It plans to pay a pounds 186m special dividend next month worth 85p a share to all its existing shareholders. At the same time it will consolidate its existing shares to reduce the number in issue by 12 per cent.
Nigel Rudd, non-executive chairman since May, said East Midlands had 200,000 shareholders with between 200 and 300 shares each. They will receive cheques for between pounds 170 and pounds 255 before Christmas. Non-taxpayers will receive a further 25 per cent tax credit.
Jack Cunningham, shadow trade and industry secretary, criticised the proposed scheme, saying East Midlands' customers had been forced to pay 20 per cent more for their electricity since privatisation.
'This is disgraceful profiteering at electricity customers' expense, and the Government and regulator have done nothing about it,' he said.
The City welcomed the scheme, pushing the shares 40p higher than yesterday's opening price of 626p, which had already deducted the 85p payout.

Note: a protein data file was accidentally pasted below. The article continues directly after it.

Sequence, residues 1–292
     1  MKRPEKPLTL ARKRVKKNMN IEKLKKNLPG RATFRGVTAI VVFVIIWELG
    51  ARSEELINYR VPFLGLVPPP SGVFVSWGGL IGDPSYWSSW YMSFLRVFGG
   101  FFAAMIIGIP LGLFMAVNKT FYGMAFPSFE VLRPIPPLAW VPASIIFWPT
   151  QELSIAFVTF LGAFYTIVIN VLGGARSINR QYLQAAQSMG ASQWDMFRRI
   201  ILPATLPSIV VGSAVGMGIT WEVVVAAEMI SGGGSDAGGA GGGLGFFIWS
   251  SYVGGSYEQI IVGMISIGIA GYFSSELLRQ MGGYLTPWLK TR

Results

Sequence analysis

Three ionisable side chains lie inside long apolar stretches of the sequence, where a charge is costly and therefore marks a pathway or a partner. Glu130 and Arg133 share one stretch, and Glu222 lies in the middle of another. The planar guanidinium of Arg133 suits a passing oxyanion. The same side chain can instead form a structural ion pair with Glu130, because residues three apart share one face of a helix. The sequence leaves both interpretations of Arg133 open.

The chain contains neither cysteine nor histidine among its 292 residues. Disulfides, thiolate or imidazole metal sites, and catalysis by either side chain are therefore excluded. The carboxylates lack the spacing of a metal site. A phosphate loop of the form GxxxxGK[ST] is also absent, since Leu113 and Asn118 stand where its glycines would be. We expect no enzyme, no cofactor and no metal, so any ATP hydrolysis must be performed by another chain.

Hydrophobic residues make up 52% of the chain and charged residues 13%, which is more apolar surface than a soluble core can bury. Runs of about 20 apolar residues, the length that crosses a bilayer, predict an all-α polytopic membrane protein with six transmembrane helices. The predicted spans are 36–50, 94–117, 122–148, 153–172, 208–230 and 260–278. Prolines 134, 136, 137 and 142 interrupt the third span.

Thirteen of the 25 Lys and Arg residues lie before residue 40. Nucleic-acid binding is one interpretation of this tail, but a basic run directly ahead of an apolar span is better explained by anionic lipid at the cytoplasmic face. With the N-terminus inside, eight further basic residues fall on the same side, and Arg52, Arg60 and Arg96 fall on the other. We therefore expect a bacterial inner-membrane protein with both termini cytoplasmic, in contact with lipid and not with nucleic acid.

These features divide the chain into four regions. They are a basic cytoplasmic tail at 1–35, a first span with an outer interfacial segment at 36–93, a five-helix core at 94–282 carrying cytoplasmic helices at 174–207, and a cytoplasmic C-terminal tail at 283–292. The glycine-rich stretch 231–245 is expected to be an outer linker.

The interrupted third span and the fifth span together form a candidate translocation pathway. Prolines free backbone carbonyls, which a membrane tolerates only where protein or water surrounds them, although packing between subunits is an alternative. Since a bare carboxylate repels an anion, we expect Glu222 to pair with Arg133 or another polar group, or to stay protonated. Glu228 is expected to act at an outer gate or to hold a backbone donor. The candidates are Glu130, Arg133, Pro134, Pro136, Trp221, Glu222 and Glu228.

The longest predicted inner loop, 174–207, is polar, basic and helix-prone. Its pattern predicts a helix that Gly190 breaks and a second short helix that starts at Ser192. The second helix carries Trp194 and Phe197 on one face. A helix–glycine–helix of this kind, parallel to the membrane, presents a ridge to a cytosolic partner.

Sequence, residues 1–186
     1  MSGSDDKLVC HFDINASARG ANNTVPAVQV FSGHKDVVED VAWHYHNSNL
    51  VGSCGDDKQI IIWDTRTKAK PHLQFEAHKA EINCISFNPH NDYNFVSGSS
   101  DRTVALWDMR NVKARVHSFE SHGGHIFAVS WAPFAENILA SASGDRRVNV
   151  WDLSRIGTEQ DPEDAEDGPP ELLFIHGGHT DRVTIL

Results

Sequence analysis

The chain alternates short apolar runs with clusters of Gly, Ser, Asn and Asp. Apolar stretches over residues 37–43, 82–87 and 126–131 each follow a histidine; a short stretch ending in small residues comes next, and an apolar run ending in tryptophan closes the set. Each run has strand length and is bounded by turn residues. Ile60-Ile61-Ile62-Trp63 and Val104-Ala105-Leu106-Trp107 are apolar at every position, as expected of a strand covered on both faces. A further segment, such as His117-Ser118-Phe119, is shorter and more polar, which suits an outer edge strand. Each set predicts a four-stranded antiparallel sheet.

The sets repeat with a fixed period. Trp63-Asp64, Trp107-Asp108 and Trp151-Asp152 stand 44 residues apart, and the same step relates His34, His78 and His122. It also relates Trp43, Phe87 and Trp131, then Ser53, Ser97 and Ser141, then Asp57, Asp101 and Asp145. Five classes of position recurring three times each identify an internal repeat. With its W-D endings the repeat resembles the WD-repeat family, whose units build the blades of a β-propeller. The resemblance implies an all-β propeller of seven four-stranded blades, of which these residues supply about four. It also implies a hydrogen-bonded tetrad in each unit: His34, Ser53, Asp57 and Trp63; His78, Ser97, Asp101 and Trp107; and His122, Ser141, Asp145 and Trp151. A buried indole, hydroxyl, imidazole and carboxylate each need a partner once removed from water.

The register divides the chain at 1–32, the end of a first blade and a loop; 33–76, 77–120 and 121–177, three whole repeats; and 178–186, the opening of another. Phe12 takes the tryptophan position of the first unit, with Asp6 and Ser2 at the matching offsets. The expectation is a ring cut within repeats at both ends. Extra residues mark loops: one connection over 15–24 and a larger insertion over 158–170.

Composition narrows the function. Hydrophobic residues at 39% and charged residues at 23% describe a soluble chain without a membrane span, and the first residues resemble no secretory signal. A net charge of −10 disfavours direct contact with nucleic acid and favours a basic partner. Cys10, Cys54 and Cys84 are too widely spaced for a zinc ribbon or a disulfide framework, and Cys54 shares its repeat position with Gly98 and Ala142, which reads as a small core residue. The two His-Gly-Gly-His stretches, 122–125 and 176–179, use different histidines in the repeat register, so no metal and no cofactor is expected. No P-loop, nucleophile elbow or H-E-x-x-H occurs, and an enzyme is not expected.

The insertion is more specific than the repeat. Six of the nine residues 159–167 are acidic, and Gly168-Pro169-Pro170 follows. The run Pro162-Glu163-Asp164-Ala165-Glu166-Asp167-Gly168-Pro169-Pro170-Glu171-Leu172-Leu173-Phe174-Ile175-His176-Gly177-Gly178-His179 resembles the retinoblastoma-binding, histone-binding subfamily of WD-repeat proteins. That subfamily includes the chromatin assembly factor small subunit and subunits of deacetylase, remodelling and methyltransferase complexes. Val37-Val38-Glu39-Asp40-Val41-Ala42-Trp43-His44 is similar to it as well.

Other regional electricity companies rose on speculation they might emulate the plan. Analysts believed Southern Electricity could be the next to announce a similar scheme.
The sector has underperformed over the summer on worries about a possible one- off tax when the National Grid, jointly owned by the 12 regional companies, is sold off. There has also been concern about the plans of a future Labour government.
East Midlands is the ninth regional electricity company to reduce the number of shares in issue over the past two months as a way of using up surplus cash and enhancing earnings per share.
While others have achieved this by buying shares in from their institutional shareholders, East Midlands' plan involves the issue of a one-off special dividend to all. Following the payment, blocks of 25 existing shares will each be consolidated into 22 new shares.
As a result holders of share options, including the company's 4,000 staff, will be protected because the consolidation will theoretically add back 85p to the value of each share.
Mr Rudd said the scheme was fairer than those of the other regional companies because a tax credit attached to the payout would be available to all shareholders. The Inland Revenue had already cleared the deal, whereas it was reserving judgement on aspects of some recent buybacks.
Mr Rudd confirmed that East Midlands would focus on its core business of electricity supply and distribution. In May it took a pounds 130m charge to cover the cost of restructuring unsuccessful diversifications into electrical contracting, security and retailing.
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